David Bourget (Western Ontario)
David Chalmers (ANU, NYU)
Rafael De Clercq
Jack Alan Reynolds
Learn more about PhilPapers
Consciousness and Cognition 9 (2):288-307 (2000)
Metacognition refers to any knowledge or cognitive process that monitors or controls cognition. We highlight similarities between metacognitive and executive control functions, and ask how these processes might be implemented in the human brain. A review of brain imaging studies reveals a circuitry of attentional networks involved in these control processes, with its source located in midfrontal areas. These areas are active during conflict resolution, error correction, and emotional regulation. A developmental approach to the organization of the anatomy involved in executive control provides an added perspective on how these mechanisms are influenced by maturation and learning, and how they relate to metacognitive activity
|Keywords||No keywords specified (fix it)|
|Categories||categorize this paper)|
Setup an account with your affiliations in order to access resources via your University's proxy server
Configure custom proxy (use this if your affiliation does not provide a proxy)
|Through your library|
References found in this work BETA
No references found.
Citations of this work BETA
Tadas Stumbrys, Daniel Erlacher, Melanie Schädlich & Michael Schredl (2012). Induction of Lucid Dreams: A Systematic Review of Evidence. Consciousness and Cognition 21 (3):1456-1475.
Fadel Zeidan, Susan K. Johnson, Bruce J. Diamond, Zhanna David & Paula Goolkasian (2010). Mindfulness Meditation Improves Cognition: Evidence of Brief Mental Training☆. Consciousness and Cognition 19 (2):597-605.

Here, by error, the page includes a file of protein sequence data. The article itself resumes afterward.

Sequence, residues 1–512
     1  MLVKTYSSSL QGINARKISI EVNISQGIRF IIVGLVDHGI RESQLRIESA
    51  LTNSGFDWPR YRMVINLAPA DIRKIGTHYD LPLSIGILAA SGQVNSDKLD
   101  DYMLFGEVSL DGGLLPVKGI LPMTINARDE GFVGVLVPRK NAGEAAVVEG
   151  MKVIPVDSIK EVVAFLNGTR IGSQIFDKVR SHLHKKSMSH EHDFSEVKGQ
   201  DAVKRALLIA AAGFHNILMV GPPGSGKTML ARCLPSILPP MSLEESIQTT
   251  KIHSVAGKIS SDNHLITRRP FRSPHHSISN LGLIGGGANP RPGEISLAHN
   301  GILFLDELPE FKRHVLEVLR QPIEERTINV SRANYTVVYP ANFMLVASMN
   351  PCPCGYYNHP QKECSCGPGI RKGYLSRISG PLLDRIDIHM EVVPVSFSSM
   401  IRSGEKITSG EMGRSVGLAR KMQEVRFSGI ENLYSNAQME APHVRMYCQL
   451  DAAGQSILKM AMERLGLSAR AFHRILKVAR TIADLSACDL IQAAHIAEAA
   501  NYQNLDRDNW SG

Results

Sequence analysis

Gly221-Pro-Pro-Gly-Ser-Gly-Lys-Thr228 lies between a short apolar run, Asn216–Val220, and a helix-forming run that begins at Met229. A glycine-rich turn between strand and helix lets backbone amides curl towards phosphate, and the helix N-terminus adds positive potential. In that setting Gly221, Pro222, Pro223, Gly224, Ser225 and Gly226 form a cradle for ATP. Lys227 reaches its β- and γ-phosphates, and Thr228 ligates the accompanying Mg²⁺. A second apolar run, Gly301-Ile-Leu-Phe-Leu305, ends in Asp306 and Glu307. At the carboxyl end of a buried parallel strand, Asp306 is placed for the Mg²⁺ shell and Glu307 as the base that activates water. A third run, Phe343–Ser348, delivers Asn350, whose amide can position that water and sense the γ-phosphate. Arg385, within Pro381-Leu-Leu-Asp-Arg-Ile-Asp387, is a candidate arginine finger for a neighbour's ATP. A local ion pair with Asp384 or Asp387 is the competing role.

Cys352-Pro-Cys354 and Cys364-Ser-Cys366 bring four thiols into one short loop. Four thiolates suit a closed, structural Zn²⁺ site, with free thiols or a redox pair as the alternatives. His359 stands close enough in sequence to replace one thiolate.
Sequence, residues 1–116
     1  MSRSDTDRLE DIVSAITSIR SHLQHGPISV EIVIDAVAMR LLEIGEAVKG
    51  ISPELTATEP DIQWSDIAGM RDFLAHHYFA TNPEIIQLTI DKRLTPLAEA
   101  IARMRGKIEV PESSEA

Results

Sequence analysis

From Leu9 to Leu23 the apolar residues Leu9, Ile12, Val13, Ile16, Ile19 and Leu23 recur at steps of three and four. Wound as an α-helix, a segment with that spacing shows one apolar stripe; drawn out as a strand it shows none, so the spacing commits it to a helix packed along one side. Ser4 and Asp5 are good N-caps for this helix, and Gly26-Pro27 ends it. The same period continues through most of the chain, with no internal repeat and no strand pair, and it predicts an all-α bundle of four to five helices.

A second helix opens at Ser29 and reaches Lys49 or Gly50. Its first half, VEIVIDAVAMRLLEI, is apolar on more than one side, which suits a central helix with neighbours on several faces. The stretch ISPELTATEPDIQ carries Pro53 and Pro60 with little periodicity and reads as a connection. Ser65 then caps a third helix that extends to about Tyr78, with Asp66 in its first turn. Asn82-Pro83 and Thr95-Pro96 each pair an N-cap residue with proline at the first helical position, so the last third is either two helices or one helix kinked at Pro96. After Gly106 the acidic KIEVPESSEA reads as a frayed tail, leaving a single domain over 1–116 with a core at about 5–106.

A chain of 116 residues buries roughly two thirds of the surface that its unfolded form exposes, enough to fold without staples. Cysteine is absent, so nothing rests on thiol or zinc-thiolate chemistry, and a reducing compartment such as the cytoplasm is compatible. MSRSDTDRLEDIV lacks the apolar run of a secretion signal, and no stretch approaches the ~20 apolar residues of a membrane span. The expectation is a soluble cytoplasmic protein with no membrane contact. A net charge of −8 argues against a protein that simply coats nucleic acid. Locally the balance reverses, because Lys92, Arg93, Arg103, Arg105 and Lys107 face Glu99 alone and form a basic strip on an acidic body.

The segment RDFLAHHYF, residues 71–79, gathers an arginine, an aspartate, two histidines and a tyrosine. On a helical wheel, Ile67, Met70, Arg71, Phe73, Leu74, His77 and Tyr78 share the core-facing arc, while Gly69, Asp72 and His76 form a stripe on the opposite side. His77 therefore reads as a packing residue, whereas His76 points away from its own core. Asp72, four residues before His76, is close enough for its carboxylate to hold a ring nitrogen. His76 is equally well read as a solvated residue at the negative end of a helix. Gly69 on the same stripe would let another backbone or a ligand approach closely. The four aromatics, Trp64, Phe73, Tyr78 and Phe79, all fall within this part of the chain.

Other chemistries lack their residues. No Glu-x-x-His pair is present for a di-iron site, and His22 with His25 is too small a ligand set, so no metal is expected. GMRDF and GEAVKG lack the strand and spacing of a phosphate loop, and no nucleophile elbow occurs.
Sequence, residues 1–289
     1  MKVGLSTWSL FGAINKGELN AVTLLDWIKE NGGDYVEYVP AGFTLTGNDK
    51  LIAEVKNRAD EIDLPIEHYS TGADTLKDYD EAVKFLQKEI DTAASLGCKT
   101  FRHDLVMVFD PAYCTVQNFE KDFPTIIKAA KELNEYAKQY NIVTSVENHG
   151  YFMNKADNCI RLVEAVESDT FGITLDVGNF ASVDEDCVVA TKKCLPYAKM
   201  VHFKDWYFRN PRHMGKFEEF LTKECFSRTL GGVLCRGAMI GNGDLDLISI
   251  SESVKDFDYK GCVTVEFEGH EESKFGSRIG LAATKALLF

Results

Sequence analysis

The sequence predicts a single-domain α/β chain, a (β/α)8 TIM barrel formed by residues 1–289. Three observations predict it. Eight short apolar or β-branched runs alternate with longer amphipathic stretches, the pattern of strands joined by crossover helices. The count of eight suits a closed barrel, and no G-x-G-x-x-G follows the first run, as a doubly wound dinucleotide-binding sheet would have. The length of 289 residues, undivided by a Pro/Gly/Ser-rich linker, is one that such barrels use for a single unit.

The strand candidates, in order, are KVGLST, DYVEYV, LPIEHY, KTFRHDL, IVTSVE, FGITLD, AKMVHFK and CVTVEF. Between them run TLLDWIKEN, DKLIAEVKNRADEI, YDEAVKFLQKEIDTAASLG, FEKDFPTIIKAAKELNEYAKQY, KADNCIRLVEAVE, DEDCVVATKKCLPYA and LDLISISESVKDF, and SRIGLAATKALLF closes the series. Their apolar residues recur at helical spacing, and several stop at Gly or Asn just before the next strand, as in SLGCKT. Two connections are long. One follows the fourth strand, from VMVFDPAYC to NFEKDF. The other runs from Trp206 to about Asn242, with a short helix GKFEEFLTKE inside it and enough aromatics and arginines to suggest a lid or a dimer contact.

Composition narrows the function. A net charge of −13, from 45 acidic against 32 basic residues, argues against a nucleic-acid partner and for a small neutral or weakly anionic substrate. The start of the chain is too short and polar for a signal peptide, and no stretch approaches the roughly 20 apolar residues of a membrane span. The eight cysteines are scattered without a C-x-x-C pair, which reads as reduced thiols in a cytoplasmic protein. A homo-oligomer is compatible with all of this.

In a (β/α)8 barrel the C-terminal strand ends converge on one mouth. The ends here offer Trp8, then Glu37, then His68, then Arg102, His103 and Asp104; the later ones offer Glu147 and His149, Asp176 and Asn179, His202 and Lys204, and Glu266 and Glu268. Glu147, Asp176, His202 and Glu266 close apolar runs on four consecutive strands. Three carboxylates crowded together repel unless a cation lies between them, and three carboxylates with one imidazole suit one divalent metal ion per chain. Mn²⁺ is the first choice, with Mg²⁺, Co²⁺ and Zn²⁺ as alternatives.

Leonora G. Weil, Stephen M. Fleming, Iroise Dumontheil, Emma J. Kilford, Rimona S. Weil, Geraint Rees, Raymond J. Dolan & Sarah-Jayne Blakemore (2013). The Development of Metacognitive Ability in Adolescence. Consciousness and Cognition 22 (1):264-271.
Kristien Aarts, Jan De Houwer & Gilles Pourtois (2012). Evidence for the Automatic Evaluation of Self-Generated Actions. Cognition 124 (2):117-127.
Sarah-Jayne Blakemore Leonora G. Weil, Stephen M. Fleming, Iroise Dumontheil, Emma J. Kilford, Rimona S. Weil, Geraint Rees, Raymond J. Dolan (2013). The Development of Metacognitive Ability in Adolescence. Consciousness and Cognition 22 (1):264.
Similar books and articles
Giuliana Mazzoni (2003). Animals Show Monitoring, but Does Monitoring Imply Awareness? Behavioral and Brain Sciences 26 (3):349-350.
Lisa K. Son, Bennett L. Schwartz & Nate Kornell (2003). Implicit Metacognition, Explicit Uncertainty, and the Monitoring/Control Distinction in Animal Metacognition. Behavioral and Brain Sciences 26 (3):355-356.
Michael Anderson, The Metacognitive Loop I: Enhancing Reinforcement Learning with Metacognitive Monitoring and Control for Improved Perturbation Tolerance||.
Catherine Stinson (2009). Searching for the Source of Executive Attention. Psyche 15 (1):137-154.
Janet Metcalfe (2003). Drawing the Line on Metacognition. Behavioral and Brain Sciences 26 (3):350-351.
Asher Koriat (2007). Metacognition and Consciousness. In P D Zelazo, M Moscovitch & E Thompson (eds.), Cambridge Handbook of Consciousness. Cambridge University Press.
Robert W. Kentridge & Charles A. Heywood (2000). Metacognition and Awareness. Consciousness and Cognition 9 (2):308-312.
Diego Fernandez-Duque, J. A. Baird & Michael I. Posner (2000). Awareness and Metacognition. Consciousness and Cognition 9 (2):324-326.
A. P. Shimamura (2000). Toward a Cognitive Neuroscience of Metacognition. Consciousness and Cognition 9 (2):313-323.
Added to index2009-01-28
Total downloads90 ( #20,817 of 1,696,808 )
Recent downloads (6 months)7 ( #81,860 of 1,696,808 )
How can I increase my downloads?